Fig 1. Bar Chart of Voltage Remaining in Batteries After Being Rejected as Useless for External Camera Flash Use (n=168)

Graph labeling is deeply ingrained, a habit formed in high school days where points were docked for lack of X and Y axis label with units, and a graph title. When I see graphs in popular magazines lacking these 5 elements, I become irate - what kind of useless graph is this! and ignore any conclusions drawn from the graph. I should point out my sample size is about 168, and so I think that should I apply stats, we could get some significant results from the data here.

I go through a LOT of batteries with my camera flash (Canon 430 EX). All is fine when the batteries are spanking new. With tot and baby pics, it's all about timing and being opportunistic, so if the flash doesn't go off exactly when I need it (which maybe once a second) - I change out the batteries. Sure the flash also needs to time to cycle up for the next pop of light, but pooped out batteries are slower at providing energy needed. Rechargeable batteries unfortunately are too slow/ un-powerful my flash purposes; won't go into boring theories of Why.

I do know that the batteries have juice left, so for the last over 2 years I've been accumulating post-flash batteries in the Batteries For Wii Remote drawer. My husband, on a sudden inspiration of geekiness, decided to use his voltage meter to see what voltage remained on all of the batteries. A full battery is 1.6 volts; a useless battery (the Wii remote complains at) 0.8 to 1.0 volts. He asked me to hypothesize the median voltage (that's the highest bar chart bar, for you non stat peeps) and I guessed a Normal Distribution (ie bell curve), making 1.3 the median, and Voila, the distribution is a slightly skewed Normal curve. (Please note; the batteries are double stacked; two layers).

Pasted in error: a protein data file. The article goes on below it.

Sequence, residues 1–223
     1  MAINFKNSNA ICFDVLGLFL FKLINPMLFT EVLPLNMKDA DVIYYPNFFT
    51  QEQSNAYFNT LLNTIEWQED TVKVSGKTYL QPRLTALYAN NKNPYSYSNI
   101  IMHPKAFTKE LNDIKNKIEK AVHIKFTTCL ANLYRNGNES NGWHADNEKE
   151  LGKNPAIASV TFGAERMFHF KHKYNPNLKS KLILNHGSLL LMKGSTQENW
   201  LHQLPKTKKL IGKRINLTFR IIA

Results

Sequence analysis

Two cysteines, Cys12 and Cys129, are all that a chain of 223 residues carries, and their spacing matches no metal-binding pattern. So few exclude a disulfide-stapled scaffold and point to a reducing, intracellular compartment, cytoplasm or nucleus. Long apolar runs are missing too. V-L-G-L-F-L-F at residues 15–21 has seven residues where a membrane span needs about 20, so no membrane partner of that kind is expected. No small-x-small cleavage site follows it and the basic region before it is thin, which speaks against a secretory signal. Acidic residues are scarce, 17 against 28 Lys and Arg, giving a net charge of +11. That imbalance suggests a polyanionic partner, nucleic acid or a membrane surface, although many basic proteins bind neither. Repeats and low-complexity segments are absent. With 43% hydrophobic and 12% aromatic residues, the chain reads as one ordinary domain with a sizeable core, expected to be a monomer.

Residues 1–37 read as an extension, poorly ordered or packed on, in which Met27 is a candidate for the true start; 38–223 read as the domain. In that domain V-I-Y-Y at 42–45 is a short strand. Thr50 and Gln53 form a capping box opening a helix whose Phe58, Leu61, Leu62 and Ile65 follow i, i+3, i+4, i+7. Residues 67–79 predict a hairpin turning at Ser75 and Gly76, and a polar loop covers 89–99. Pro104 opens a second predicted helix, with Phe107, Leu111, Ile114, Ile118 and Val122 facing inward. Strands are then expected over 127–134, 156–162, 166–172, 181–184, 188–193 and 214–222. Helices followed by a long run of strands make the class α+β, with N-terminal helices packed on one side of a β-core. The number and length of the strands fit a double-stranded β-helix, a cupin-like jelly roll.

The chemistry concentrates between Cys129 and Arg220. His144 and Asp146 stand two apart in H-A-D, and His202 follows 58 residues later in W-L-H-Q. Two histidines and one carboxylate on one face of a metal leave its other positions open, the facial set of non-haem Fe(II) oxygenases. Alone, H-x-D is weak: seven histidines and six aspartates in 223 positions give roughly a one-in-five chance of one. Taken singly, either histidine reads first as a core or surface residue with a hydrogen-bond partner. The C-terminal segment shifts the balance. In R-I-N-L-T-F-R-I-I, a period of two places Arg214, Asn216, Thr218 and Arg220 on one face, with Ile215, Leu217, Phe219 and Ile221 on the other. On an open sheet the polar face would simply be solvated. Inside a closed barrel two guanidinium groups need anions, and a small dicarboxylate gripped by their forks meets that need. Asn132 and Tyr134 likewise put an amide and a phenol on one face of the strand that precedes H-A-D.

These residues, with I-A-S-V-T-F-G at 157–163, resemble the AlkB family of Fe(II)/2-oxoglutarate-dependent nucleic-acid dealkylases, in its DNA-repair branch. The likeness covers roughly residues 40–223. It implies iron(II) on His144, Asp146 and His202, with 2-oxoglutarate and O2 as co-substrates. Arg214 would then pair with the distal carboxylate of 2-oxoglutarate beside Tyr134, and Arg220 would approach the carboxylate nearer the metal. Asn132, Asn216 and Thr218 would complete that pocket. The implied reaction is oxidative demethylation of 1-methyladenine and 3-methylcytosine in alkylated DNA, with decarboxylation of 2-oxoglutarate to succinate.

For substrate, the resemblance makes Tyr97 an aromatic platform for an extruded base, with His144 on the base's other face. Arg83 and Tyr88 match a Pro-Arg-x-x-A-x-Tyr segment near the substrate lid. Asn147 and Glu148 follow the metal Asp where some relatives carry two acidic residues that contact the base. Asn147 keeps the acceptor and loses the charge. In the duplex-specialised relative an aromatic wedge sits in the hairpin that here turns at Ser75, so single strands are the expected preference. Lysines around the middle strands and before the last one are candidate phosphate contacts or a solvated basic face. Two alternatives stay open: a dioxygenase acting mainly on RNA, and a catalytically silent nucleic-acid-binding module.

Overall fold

From this I can see that batteries are pretty useless for Flash under 1.4 volts, and that I can probably squeeze some more flash pops out of the 1.5 to 1.6 batches. 1.3 to 1.4 batteries can be used to keep Wii remotes happy; 1.1 to 1.2 might be good for clocks, and 1.0 and under can be (properly) disposed.

Thus my conclusion and scientific recommendation is that We Need to Play More Wii.